Wednesday 9 April 2014, response to news of a policy announcement that a client had been campaigning for:
Chair of Action Cerebral Palsy, Amanda Richardson
Wow! That is absolutely fantastic. I think we should all feel proud that this really important recommendation has been published. It will make a great difference to the progress and outcomes of many children.
In October 2013 The Whitehouse Consultancy announced that its pro bono client for the next 12 months was to be Action Cerebral Palsy (ACP), a consortium incorporating ten of the leading specialist centres working with children with cerebral palsy across the UK. In their first meeting with Whitehouse, ACP mentioned that a significant problem in the progress and outcomes of many children with cerebral palsy (CP) is that once a child has their CP identified in a health setting, parents often do not know where they can go so that their children receive crucial educational advice, guidance and intervention to be put in place before the child starts school. ACP explained that health professionals were able to offer advice on the medical interventions that child may benefit from, but not the educational support that had the capacity to transform children’s lives.
The problem was that when a parent has a child identified with complex developmental and/or sensory needs such as cerebral palsy, usually their only point of contact was with health professionals such as GPs and health visitors. Education and health services for young children are not joined up, so health bodies did not need to be aware of the educational support available to children, and health professionals too often did not advise parents about the non-medical support their child could receive because they were not required to know this information. This problem went all the way to the top, with the Education Secretary himself telling his Opposition counterpart last month that he did not need to answer questions about health professionals because it was not his responsibility (see transcript below).
From that first meeting with ACP, Whitehouse identified an opportunity. The Department for Education (DfE) had introduced reforms earlier that year to transform special educational needs provision for children and young people, which aimed to make health and education services more “joined up”. The DfE was consulting on the guidance for how those reforms would work in practice, the draft SEN Code of Practice, which did not include any obligations for health bodies to let parents of children with complex needs know about the educational support in their area. Whitehouse also worked with several other clients with interests in this area, including The Communication Trust and Communication Matters – which support children and young people with speech and language difficulties, such as children with CP.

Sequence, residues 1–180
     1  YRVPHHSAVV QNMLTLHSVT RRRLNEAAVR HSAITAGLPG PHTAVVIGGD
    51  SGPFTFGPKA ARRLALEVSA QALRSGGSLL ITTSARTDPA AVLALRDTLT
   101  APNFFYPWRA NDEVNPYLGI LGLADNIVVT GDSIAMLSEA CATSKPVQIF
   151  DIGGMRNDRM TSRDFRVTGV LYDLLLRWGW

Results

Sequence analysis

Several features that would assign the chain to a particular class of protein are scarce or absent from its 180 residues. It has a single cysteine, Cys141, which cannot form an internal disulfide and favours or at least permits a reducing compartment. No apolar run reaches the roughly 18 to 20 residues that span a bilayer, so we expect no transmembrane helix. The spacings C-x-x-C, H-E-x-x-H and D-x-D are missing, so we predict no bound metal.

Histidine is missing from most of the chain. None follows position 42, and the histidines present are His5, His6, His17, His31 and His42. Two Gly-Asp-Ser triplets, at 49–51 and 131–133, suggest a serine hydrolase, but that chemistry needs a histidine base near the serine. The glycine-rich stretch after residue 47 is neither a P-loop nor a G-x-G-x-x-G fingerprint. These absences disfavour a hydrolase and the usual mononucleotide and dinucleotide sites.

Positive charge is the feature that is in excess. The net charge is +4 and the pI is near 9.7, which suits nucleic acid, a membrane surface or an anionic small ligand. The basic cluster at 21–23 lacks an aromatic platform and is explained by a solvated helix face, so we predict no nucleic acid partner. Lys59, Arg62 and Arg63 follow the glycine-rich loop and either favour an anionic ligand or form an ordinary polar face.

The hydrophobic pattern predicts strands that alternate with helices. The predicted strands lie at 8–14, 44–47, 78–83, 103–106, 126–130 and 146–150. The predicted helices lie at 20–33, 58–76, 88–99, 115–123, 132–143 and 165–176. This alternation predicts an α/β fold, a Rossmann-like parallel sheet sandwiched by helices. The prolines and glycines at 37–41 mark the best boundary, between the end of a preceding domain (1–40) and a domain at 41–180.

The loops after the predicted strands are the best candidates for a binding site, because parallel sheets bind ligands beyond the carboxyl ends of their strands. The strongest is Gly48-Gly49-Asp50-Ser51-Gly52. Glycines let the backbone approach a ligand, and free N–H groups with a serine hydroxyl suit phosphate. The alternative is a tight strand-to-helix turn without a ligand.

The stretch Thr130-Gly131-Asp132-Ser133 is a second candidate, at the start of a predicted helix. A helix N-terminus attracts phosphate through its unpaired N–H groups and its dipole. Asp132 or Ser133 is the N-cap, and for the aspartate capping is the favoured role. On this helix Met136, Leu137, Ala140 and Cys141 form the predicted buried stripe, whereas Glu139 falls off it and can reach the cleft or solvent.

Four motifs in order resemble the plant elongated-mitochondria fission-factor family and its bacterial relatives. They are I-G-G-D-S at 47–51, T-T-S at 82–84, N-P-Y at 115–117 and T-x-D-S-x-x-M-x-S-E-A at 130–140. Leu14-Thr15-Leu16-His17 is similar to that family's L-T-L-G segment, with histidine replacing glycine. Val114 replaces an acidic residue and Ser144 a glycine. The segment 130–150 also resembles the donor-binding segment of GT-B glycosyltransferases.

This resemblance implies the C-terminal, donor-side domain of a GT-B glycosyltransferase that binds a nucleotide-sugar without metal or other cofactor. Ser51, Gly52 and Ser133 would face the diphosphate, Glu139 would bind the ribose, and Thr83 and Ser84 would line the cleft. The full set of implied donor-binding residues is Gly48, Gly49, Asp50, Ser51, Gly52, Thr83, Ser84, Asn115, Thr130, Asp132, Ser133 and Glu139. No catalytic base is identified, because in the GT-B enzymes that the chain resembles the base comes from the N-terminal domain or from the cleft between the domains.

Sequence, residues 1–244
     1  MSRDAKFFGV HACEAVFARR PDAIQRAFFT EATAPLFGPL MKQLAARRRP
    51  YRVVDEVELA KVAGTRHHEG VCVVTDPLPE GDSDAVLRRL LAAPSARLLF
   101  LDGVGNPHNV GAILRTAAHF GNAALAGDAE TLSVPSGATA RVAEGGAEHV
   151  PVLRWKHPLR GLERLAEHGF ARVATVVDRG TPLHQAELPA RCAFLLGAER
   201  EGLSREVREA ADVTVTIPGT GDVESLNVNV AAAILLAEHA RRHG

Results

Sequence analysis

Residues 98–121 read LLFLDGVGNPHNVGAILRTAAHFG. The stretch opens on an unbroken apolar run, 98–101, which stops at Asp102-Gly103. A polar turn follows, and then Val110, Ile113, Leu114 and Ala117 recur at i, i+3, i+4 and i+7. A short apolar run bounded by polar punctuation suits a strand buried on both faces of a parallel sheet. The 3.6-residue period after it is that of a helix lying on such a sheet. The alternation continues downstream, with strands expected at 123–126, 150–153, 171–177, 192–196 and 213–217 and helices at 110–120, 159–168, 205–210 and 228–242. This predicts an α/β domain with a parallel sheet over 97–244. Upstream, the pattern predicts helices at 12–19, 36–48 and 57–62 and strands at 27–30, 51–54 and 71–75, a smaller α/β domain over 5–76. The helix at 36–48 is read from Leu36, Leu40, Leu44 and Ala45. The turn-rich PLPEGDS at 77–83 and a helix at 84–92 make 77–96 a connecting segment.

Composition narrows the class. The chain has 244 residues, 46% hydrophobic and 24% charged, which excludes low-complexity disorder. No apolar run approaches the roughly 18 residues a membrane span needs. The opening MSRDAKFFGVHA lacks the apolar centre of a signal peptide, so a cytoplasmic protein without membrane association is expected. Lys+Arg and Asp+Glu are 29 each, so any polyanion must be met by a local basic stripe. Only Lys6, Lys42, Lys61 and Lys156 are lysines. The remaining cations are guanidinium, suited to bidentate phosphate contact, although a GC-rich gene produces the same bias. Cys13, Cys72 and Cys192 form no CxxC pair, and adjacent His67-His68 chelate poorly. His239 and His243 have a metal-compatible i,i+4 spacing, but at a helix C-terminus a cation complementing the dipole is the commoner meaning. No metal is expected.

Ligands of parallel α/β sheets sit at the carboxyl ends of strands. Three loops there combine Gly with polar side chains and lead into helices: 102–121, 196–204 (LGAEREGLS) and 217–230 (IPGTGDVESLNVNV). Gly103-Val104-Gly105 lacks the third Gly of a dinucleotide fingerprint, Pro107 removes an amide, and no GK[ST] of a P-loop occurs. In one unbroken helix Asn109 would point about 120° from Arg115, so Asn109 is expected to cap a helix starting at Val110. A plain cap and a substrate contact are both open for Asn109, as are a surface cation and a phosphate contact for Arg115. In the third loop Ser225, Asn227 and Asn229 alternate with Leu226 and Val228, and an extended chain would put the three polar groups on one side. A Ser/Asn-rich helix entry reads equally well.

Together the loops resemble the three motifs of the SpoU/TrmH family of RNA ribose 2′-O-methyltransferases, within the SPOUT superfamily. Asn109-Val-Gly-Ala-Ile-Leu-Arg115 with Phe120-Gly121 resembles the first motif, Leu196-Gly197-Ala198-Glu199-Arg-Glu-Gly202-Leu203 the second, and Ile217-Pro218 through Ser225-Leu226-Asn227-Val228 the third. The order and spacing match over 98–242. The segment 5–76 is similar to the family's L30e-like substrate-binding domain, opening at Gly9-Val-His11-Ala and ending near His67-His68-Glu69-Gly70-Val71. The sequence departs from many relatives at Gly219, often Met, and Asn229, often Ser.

In their respective responses to the DfE’s consultation on the draft SEN Code of Practice, Whitehouse recommended to Action Cerebral Palsy, The Communication Trust and Communication Matters, that they ask the Department to introduce a recommendation that health professionals should be obliged to know this information so they can support parents of young children with complex needs. All three organisations included this recommendation in their responses and Whitehouse supported these organisations’ effort to lobby the DfE to make this change. The DfE was naturally wary of the introducing a recommendation over professionals that it does not have responsibility for, while the Department of Health itself has historically been very reluctant to place obligations on health professionals to know certain information as they believe the respective Royal Colleges should set standards for health workers.